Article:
free booknotes online

Help / FAQ




<- Previous Page | First Page | Next Page ->
Free Study Guide-The Crucible by Arthur Miller-Free Booknotes Summary
Table of Contents | Message Board | Printable Version | Barron's Booknotes

THEMES ANALYSIS

Major Theme

A crucible is a vessel in which metal is heated to a high temperature and melted for the purposes of casting. It can also refer, metaphorically, to a time in history when great political, social, and cultural changes are in force, where society is seemingly being melted down and recast into a new mold. The word is also remarkably similar to crucifixion, which Miller certainly intended in choosing it as the title of his play. The picture of a man and a society bubbling in a crucible and the crucifixion of Christ interweave to form the main themes of the play: the problem of making the right moral choice and the necessity of sacrifice as a means of redemption. Both these themes, of course, take place in the context of the larger struggle of good versus evil.

The choice John Proctor must make is between saving either himself or society. His failure to do good initially allows events to get out of hand and eventually forces him into a position where he must make a choice. Reverend Hale, while not subject to the same moral quandary as Proctor, also suffers a crisis of consciousness for his failure to strive hard enough to stop the proceedings of the court. In contrast to them both are Rebecca Nurse and Elizabeth Proctor, whose moral and emotional steadfastness represents society at its best.

In a society at odds with itself and where reason and faith in the society has been replaced with irrationality and self-doubt, a clever manipulator can cause chaos. The Reverend Parris, Danforth, Hathorne, and Putnam represent the corruption of society by self-interested parties preying on society's fears. Through them, Miller highlights the destruction that manipulation and weak-mindedness can thrust upon society.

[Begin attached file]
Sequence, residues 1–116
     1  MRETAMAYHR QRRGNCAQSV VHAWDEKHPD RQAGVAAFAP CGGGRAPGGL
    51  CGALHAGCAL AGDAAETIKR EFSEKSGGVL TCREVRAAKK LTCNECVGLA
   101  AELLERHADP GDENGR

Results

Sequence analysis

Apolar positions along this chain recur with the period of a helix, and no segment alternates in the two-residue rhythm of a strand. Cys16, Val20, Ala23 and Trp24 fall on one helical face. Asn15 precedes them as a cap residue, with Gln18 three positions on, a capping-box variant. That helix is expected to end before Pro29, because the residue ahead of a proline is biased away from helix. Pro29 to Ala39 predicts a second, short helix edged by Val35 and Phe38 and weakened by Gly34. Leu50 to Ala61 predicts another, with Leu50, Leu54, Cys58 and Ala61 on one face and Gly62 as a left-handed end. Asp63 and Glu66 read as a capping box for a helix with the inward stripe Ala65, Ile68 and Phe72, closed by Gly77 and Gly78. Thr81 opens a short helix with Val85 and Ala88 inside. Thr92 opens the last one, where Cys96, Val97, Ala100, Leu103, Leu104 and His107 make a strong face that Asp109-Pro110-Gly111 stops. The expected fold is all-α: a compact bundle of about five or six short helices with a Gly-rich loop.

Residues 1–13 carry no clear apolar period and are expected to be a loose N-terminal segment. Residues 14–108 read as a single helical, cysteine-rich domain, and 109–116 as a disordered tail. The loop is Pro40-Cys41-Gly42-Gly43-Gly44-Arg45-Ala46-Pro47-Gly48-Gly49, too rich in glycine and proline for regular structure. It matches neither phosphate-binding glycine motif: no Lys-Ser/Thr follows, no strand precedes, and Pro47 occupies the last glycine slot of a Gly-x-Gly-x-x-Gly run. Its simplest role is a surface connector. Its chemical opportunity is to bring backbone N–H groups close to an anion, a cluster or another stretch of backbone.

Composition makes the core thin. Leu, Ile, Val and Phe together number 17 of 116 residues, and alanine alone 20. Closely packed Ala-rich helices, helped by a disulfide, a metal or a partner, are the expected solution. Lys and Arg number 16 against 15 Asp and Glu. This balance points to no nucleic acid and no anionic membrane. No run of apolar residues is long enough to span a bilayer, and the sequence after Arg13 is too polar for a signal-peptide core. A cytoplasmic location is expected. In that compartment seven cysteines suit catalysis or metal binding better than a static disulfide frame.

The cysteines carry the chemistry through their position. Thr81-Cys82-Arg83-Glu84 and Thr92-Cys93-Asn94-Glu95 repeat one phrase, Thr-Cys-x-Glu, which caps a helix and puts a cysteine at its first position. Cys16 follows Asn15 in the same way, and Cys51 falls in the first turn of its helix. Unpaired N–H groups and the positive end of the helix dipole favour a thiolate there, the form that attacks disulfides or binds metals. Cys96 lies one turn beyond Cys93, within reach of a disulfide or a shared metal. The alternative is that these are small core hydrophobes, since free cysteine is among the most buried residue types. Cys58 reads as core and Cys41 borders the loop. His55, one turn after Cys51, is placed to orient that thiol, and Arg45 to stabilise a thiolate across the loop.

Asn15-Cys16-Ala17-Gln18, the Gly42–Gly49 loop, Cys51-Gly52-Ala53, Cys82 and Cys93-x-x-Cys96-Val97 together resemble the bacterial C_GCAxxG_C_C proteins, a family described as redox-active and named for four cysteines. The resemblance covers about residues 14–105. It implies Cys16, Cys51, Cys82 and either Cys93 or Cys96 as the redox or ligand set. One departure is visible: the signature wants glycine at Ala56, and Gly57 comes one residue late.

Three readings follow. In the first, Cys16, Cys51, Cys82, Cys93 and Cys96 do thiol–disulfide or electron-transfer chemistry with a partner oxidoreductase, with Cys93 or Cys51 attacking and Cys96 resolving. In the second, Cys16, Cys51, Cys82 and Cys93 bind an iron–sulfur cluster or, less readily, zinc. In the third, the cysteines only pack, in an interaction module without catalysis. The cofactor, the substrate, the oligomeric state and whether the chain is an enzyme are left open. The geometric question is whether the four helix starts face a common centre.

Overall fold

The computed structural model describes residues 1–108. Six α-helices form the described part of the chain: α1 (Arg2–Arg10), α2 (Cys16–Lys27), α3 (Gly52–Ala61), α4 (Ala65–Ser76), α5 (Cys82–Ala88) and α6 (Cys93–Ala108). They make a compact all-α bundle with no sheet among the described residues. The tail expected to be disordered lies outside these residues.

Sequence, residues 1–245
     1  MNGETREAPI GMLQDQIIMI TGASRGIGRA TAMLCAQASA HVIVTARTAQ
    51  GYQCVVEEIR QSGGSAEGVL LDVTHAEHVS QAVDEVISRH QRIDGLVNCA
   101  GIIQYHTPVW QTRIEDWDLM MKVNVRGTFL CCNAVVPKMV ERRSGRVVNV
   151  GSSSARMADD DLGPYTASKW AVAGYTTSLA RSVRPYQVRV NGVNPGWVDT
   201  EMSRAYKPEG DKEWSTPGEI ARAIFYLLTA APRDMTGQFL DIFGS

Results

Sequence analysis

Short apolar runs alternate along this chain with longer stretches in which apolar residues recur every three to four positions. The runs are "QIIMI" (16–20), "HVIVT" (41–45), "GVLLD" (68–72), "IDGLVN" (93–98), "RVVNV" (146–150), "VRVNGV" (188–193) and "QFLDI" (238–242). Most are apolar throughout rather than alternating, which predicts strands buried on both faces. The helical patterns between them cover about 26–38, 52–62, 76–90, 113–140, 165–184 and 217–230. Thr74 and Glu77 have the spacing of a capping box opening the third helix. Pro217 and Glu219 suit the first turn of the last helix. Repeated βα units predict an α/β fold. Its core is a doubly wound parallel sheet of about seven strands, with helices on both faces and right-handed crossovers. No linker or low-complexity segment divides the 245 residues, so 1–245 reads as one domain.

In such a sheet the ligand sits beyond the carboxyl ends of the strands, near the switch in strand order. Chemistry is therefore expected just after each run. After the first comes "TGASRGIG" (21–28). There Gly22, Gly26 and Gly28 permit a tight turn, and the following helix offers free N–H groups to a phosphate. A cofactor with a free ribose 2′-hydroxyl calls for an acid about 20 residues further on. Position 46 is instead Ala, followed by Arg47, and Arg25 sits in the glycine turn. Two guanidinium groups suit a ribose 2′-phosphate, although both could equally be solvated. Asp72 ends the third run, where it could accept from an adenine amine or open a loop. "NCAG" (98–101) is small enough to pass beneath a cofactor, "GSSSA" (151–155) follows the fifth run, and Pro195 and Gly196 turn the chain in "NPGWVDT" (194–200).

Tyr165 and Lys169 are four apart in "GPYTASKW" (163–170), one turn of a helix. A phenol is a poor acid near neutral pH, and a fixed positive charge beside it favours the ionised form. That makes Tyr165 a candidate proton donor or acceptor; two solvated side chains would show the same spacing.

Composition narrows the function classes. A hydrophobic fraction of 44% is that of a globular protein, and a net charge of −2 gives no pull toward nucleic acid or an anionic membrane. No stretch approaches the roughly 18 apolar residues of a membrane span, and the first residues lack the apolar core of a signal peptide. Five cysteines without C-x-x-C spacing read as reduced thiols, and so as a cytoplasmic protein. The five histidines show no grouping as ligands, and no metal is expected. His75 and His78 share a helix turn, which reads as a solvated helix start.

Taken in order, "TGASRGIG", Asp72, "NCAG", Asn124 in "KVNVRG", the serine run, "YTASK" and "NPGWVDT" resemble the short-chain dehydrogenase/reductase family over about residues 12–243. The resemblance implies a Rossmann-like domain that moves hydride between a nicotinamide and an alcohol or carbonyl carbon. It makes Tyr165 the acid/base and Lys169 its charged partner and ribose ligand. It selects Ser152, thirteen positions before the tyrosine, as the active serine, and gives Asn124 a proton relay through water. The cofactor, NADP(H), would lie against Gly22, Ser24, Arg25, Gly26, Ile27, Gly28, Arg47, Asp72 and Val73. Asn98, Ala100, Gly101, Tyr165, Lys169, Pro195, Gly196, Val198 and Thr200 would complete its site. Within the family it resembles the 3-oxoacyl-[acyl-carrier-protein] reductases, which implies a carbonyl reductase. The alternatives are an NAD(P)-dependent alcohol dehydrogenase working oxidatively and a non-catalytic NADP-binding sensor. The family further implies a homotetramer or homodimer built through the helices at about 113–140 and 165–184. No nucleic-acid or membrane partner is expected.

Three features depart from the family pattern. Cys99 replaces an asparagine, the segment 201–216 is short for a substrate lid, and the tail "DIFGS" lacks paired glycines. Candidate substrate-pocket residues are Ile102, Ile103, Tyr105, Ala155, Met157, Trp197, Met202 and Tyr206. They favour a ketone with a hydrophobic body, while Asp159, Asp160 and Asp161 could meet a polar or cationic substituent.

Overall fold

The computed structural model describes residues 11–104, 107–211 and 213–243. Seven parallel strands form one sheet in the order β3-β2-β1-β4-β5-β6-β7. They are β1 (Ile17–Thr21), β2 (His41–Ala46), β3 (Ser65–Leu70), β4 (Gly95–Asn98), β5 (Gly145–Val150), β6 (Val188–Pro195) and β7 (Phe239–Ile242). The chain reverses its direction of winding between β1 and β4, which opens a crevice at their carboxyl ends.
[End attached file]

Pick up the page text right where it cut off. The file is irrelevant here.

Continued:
Miller suggests that in such times good can only triumph through a sacrifice upon the altar of society, that the crisis might only be able to be rectified by the death of those who struggle to uphold society's values. The death of John Proctor, though it might seem a tragic waste, is necessary, both for his own personal redemption and that of his society. The sacrifice of Proctor, Rebecca Nurse, Giles Corey and others, recalls the sacrifice of Christ for the sake of humankind. In the end, The Crucible focuses on a historical event to drive home issues that essentially characterize all societies at all times, which makes the play both universal and enduring.

Minor Theme

The Crucible's minor theme is the evils and events of the McCarthy era, which provided the initial inspiration for the play. Miller saw many parallels between the witch trials of Salem and McCarthy's hunt for Communists, which some critics at the time even referred to as a "witch hunt." Both were periods of dramatic social tensions and social change, marked by terror, suspicion, hysteria, and paranoia. While there were undoubtedly Communists in America in the 1950s, and perhaps witches in Salem in the late 1600s, the hunts for both destroyed many innocent lives and corrupted the accusers.

Perhaps the most striking parallel between the McCarthy era and events in the play occurs in the scene where Parris accuses the signatories of Francis Nurse's petition of attacking the court and suggesting that no innocent person could possibly be unhappy with the court. This was the same logic that McCarthy and his followers used to discourage dissent.

Although The Crucible can be read as a commentary on the McCarthy era, its location in actual historical events of another era, its emphasis on personal struggle and responsibility, and its aesthetic achievement as a work of literature and drama render it timely and relevant in any era. Indeed, as historical circumstances change, new historical parallels emerge. Miller has noted that when he wrote the play, he never could have imagined that people would see in it a commentary on the dangers of accepting children's testimony in sexual abuse cases, yet the parallel seems quite apparent now. It is The Crucible's timeless concern with the problems of ascertaining truth and obtaining justice, rather than its commentary on any one historic event, that has made it a lasting work of art.

Table of Contents | Message Board | Printable Version | Barron's Booknotes


<- Previous Page | First Page | Next Page ->
Free Study Guide-The Crucible by Arthur Miller-Free Plot Summary Synopsis
Google
Web
PinkMonkey

Google
  Web PinkMonkey.com   

All Contents Copyright PinkMonkey.com
All rights reserved. Further Distribution Is Strictly Prohibited.


About Us
 | Advertising | Contact Us | Privacy Policy | Home Page
This page was last updated: 5/9/2017 8:52:36 AM